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Dub McClish

The Writings Of Dub McClish
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The Prime Function Of An Elder

Jerry C. Brewer

Most folks have a skewed view of an elder’s function, including many of those who serve in the eldership. Elders are viewed by many members of the church as sort of a “board of directors” who set congregational policy, which is then carried out through the preacher, who is looked upon as a Chief Executive Officer (CEO). Another way to put it is that many people consider elders much like a school board, with the preacher as a superintendent. Because of this unbiblical view of elders, many who serve in that capacity may have adopted the same idea of the prime function of an elder. To many people, the elder is one whose primary concerns are the arrangement of the church building, its paint color, the hiring of folks like janitors, secretaries, and the preacher, and as a watchdog over the treasury, among other things. Some even look upon the eldership as simply an “advisory committee” as evidenced by the Palm Beach Lakes elders in Florida who publicly stated they would serve in that capacity for Apologetics Press (AP). Even though they are ostensibly its overseers, AP also has a board of directors. In an open letter to AP supporters, announcing the firing of Bert Thompson, the elders wrote,

For the past eighteen months, the eldership of the Palm Beach Lakes church of Christ has overseen the work of Dr. Bert Thompson and Apologetics Press. With great sorrow, on May 24, 2005, this eldership supported the Board of Directors when they terminated Dr. Bert’s association with A.P. …The Board also recognized and has encouraged A.P. to focus on its core mission, defending the Christian faith with a relentless pursuit of excellence, which has become a hallmark at A.P. The PBL elders plan to work with the Board in an advisory capacity, provide strength and counsel to Bert and to continue overseeing this amazing, effective organization. (“Open Letter To Contributors And Friends Of Apologetics Press,” May 31, 2005).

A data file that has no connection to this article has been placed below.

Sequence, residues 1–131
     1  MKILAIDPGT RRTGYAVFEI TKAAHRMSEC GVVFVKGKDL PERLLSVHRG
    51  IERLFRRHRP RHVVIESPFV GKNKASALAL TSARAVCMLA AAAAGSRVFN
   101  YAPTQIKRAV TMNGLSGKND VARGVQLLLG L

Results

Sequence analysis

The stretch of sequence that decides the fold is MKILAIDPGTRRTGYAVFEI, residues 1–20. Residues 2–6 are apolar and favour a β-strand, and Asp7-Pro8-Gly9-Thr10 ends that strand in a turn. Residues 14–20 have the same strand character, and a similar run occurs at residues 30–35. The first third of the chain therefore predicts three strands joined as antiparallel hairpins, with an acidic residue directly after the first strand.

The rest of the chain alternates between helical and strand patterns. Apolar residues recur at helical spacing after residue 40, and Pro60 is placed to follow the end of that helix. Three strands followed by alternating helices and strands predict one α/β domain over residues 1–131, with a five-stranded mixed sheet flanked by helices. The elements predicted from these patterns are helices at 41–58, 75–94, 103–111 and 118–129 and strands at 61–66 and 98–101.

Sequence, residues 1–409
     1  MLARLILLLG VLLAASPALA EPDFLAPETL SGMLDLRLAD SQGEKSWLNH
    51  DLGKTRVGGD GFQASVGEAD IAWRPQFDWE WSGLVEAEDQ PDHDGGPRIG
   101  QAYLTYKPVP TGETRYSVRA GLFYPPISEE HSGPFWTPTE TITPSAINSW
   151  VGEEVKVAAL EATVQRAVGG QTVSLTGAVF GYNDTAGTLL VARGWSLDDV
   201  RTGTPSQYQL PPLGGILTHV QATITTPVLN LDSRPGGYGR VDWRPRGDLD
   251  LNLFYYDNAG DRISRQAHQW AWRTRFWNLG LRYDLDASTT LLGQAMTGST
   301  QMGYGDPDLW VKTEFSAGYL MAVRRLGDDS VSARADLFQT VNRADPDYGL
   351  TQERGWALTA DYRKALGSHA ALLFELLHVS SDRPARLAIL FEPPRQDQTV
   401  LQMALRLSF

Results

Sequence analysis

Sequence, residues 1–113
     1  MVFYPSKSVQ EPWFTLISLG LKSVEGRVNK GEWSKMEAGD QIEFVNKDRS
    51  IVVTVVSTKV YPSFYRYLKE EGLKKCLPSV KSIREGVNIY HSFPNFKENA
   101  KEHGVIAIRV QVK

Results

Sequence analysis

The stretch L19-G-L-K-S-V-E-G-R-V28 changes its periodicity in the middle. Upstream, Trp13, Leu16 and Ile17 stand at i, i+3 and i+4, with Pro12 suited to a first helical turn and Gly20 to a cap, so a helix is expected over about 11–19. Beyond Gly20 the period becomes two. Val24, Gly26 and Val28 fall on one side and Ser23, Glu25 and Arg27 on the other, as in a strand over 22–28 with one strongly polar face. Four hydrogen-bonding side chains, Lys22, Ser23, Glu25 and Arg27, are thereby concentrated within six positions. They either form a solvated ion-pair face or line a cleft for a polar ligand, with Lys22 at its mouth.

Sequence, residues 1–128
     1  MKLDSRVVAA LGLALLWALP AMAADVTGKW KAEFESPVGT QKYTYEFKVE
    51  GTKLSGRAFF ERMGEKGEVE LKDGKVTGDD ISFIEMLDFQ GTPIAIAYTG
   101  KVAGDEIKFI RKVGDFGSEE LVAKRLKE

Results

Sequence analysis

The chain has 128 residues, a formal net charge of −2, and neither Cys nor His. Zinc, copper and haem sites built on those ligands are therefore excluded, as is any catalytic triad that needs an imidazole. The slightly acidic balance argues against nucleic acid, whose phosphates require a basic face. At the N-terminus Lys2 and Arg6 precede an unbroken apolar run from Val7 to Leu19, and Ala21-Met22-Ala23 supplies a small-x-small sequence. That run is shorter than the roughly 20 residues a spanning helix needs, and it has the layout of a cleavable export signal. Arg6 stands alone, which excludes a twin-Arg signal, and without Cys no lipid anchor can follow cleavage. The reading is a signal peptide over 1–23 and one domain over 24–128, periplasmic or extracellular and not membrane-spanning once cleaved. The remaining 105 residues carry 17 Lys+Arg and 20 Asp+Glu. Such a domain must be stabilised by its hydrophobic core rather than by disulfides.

That is a foreign concept to New Testament teaching and is one of the reasons many churches have taken the road to apostasy in the last few decades.

There is no better description of the work of an elder than that expressed by the apostle Paul in his final address to the Ephesian elders at Miletus:

Take heed therefore unto yourselves, and to all the flock, over which the Holy Ghost hath made you overseers, to feed the church of God, which he hath purchased with his own blood. For I know this, that after my departing shall grievous wolves enter in among you, not sparing the flock. Also of your own selves shall men arise, speaking perverse things, to draw away disciples after them . Therefore watch, and remember, that by the space of three years I ceased not to warn everyone night and day with tears. (Acts 20:28-31).

There are three facets to the prime work of an elder. All are listed in Paul’s words of inspiration to the Ephesian elders and the key to his admonition is the word “feed” which should be translated “shepherd”. The Greek term from which the word “feed” is translated in this passage is poimaino, which McClintock and Strong define as, “to tend as a shepherd.” Of this term, J. W. McGarvey wrote,